KERA’s One Crisis Away project focuses on North Texans living on the financial edge.
Many in DFW struggle with debt they took on to survive COVID’s financial storm
For a lot of North Texans, the arrival of COVID-19 set off a pandemic of debt. To those without much financial cushion, who worked in jobs with no remote option, the early days of the pandemic often meant racking up credit card bills to keep the family whole. Now, many are working to pay off pandemic debt.
Darlington Okopu’s number one priority has always been taking care of his teenaged twins. Originally from Ghana, he has lived in North Texas for the better part of a decade. And he built a good, stable life for his family before the pandemic, working a job assembling car parts in Arlington.
Okopu says he first started feeling the pandemic’s impact at work.
“People were not coming. You ask about them. ‘Hey, he got infected,’” he recalled. “Then you hear someone has died. So it became very scary.”
Then, work hours were cut and shifts were staggered out. In short order, he says the warehouse closed down.
After he was furloughed, Okopu didn’t qualify for unemployment because of his immigration status. He’d gotten his green card shortly before the pandemic and hadn’t worked long enough to qualify for benefits from the Texas Workforce Commission. As other pandemic assistance was approved by the federal government, he found a lot of it similarly out of reach.
Although he quickly found another job, it wasn’t consistently full-time, and he started racking up credit card debt to keep afloat.
“It was very tough, very tough,” he said. “And it got to a point in time where I just picked three things out of my life: How to get money to pay my rent, to pay my light bill, to keep my car moving. That’s what’s going to keep my kids for me.”
‘A lot of it hit in our community’
Okopu did manage to keep his kids housed and fed and the lights on. He avoided having his car repossessed, which allowed him to keep working. But it cost him: In all, Okopu says he racked up about $18,000 in credit card debt.
On the whole, Americans paid down credit card balances in the first year of the pandemic, flush with stimulus payments and unable to spend on restaurants and vacations. But amid that average decline, 30% of credit card holders saw their balances increase, especially parents of kids under 18, Millennials and low-wage workers.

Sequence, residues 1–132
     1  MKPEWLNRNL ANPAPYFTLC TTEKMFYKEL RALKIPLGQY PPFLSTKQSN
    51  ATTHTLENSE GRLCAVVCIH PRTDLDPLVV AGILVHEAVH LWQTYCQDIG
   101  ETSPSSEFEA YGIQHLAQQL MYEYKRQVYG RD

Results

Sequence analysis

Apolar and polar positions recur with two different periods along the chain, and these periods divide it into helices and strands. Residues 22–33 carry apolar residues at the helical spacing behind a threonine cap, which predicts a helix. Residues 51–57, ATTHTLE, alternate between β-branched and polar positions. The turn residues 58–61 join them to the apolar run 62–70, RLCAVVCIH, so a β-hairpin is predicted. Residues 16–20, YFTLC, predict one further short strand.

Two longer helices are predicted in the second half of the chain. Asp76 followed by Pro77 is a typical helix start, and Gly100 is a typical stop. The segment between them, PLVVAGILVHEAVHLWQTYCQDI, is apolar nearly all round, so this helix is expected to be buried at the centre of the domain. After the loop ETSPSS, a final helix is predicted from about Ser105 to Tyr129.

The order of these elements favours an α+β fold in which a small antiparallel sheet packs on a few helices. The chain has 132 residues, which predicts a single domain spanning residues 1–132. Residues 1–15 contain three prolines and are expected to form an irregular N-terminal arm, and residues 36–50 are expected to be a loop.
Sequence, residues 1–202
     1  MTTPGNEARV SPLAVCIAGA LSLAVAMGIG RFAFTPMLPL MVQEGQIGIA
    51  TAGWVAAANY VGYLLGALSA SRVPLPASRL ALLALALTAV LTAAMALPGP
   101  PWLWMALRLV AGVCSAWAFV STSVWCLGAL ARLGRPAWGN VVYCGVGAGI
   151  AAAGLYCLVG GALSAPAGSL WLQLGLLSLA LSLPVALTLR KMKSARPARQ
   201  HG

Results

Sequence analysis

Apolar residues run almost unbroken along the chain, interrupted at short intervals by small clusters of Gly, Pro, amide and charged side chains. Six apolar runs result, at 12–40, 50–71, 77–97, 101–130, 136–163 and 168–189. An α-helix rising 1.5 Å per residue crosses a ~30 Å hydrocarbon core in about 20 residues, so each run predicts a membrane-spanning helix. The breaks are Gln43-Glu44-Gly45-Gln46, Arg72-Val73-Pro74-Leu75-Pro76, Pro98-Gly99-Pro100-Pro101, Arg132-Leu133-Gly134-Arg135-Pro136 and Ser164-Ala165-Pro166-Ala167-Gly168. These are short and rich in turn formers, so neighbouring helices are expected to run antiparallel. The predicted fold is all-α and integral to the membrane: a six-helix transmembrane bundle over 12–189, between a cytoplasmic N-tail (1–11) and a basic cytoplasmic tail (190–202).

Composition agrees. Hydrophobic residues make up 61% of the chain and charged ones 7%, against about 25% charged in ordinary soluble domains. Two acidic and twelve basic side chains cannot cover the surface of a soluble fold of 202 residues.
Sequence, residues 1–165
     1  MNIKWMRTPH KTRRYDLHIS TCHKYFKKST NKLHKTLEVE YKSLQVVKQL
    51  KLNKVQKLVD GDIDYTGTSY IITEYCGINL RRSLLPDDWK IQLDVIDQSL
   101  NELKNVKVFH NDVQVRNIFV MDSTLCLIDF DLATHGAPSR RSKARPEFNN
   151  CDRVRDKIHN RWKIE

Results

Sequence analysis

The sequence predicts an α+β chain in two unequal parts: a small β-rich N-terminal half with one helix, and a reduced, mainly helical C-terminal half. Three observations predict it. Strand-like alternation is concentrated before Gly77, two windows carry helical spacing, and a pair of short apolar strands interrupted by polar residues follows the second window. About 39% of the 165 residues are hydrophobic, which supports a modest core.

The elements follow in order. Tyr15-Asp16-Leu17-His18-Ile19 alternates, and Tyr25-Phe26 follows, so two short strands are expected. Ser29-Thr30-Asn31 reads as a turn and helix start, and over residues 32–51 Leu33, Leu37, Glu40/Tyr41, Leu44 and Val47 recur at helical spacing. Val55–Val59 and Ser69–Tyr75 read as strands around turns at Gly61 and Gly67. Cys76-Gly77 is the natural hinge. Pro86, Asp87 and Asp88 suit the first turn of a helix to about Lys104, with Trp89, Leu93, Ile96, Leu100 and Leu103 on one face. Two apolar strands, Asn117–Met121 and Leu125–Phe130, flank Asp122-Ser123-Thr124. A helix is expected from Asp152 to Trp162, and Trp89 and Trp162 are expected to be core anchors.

Navigating the pandemic was stressful, and Okopu realized he was largely on his own to figure out how to care for his kids. The rest of his family is still in Ghana, so he couldn’t lean on them for support. And his close-knit church family in North Texas was in no position to help, either.
“Eighty or 90% of them were also going through the same challenges,” or worse, he said. “You call somebody, they tell you he is dead. You call somebody hey, Thomas had COVID, he’s dead. A lot of it hit in our community.”
His lifesaver, though, came in the form of help from Catholic Charities Fort Worth. The organization helped him pay some bills, but it also assigned him a financial coach to help him chart a path through uncertain times.
Myrna Robles, his caseworker, says Okopu is just one of so many people still digging out of the hole the pandemic blew in their finances.
“It’s incredibly stressful to see a person like Darlington, to hear him say, ‘I’ve never been through this before. I’ve never not been able to pay my bills. I’ve never been late on my rent,’” Robles said.
Rebuilding after setbacks
Before COVID-19 hit, Robles’ clients at Catholic Charities were mostly working, had stable housing, and were keeping up with their bills, but worked with her to build greater financial security. The pandemic unraveled progress for so many families, she said, sending clients into survival mode.
“The majority of my clients on my caseload have increased their debt exponentially, have taken payday loans – what I call predatory loans – and are just drowning in the stress of either not being able to pay those loans, not being able to pay those credit cards, maxing out their credit cards and still not being able to make it,” she said.
Robles says it will take years for people to dig out of the debt they took on to survive the pandemic. Some will likely never pay off their debt. But in addition to the debt, she thinks the trauma is still shadowing her clients.
Darlington Okopu, though, is on a firmer financial footing now, paying down his debt as fast as he can.
He credits the help from Catholic Charities for getting him through the worst of the pandemic, helping him in big and small ways by connecting him with rental assistance, even helping get back-to-school items for his kids.
Okopu took a job at the post office and hopes to get full time status and benefits soon. Already, he’s been able to pay off two credit cards, and his credit score has gone up more than a hundred points.
But like many North Texans, Okopu’s finances are partly at the mercy of the hours available at work.
“Last year, at Thanksgiving, we had a lot of hours at the post office, so I had more hours,” he said. “I used that opportunity to pay a little more than the minimum payment. After Christmas, hours started dropping, so I am back to the minimum payments again.”
Still, he is happy with the progress and sees more success coming.
“It’s a matter of time. This too shall pass,” he told his kids in the worst of the pandemic. “And gradually, we’re passing through.”
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